ead and butter and milk always satisfied him. He used no tobacco and rarely ever drankany whiskey or wine.
One bitter cold night at Dam No. 5, on the Potomac river, when we could light no fire because of the proximity of the enemy, I gave him a drink of whiskey.
He made a wry face in swallowing it, and I said to him: Isn't the whiskey good?
He answered: Yes, very; I like it, and that's the reason I don't drink it.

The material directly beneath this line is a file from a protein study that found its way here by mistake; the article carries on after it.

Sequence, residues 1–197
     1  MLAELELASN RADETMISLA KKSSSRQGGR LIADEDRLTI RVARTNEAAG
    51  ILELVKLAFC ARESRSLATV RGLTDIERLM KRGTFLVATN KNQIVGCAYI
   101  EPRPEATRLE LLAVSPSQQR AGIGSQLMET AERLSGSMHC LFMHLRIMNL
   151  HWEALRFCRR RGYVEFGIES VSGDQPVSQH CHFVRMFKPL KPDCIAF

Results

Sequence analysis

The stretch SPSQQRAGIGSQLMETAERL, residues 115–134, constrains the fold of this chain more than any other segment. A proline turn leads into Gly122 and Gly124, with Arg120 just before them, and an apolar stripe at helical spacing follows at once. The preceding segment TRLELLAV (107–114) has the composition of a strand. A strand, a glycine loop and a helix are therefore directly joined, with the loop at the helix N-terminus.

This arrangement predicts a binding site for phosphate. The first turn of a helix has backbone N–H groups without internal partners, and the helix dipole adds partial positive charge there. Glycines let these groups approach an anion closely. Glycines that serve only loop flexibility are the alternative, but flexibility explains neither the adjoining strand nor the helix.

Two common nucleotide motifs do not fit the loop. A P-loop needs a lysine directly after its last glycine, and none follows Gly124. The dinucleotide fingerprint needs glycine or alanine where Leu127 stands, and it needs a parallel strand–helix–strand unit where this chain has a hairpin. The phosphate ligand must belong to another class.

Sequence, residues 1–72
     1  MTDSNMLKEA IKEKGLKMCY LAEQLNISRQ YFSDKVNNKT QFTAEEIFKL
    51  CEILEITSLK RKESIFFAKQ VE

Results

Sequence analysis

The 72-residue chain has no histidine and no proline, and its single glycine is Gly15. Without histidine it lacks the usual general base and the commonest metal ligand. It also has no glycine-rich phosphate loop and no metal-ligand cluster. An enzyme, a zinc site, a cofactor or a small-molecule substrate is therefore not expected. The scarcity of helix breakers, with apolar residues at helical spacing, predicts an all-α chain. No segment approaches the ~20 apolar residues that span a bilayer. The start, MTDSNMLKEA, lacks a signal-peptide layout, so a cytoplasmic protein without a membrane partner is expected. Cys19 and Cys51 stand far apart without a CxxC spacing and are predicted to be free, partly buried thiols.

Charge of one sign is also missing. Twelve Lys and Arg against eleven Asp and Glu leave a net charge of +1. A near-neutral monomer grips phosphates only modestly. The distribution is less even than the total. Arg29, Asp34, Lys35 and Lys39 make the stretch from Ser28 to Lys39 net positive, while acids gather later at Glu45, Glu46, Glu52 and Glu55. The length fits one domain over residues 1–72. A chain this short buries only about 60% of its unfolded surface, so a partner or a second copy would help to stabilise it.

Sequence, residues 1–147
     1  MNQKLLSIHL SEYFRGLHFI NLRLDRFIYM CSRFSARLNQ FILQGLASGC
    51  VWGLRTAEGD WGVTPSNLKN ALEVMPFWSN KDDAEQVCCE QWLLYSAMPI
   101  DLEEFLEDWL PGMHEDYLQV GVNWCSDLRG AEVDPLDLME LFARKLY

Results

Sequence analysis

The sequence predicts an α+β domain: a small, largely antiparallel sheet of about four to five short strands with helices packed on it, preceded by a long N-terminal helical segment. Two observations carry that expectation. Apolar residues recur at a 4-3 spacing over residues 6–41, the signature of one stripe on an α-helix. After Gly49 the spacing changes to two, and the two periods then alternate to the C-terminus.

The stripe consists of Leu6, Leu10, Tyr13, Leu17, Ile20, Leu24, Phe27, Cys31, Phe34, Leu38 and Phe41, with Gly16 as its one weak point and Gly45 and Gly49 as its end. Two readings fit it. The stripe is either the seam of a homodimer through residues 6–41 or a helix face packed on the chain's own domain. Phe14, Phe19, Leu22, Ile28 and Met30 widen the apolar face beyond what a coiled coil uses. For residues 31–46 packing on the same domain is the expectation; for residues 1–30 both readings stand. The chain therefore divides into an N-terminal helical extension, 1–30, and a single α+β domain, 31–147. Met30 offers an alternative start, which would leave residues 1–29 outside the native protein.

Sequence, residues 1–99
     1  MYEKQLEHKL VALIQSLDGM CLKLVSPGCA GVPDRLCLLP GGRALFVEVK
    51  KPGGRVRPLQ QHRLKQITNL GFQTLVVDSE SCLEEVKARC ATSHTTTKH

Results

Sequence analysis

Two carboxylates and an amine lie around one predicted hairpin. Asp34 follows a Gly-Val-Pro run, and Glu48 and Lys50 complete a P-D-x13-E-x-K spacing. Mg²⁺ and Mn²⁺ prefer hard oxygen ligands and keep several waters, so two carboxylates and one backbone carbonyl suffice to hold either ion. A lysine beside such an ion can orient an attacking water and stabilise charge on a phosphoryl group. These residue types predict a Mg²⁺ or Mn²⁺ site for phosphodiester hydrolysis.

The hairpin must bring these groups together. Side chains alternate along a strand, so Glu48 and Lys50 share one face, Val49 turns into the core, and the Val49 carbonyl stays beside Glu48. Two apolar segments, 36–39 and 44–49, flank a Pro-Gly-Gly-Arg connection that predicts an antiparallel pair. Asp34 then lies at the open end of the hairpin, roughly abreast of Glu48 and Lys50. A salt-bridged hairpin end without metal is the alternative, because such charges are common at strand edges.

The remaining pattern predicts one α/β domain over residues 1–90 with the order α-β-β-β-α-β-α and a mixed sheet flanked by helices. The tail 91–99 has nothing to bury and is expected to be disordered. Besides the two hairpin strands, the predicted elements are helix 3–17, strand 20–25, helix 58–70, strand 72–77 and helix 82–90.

Other biographical data.
Thomas Jonathan Jackson was born in Clarksburg, W. Va., (then a part of Virginia,) January 21, 1824.
At the age of eighteen he was appointed to West Point, but owing to the fact that he was poorly prepared to enter that institution he never took a high standing in his classes.
He was graduated in 1848 and ordered to Mexico, where he was attached as a lieutenant to Magruder's battery.
He took part in Scott's campaign from Vera Cruz to the city of Mexico, and was twice breveted for gallant conduct—at Cherubusco and Chapultepec—attaining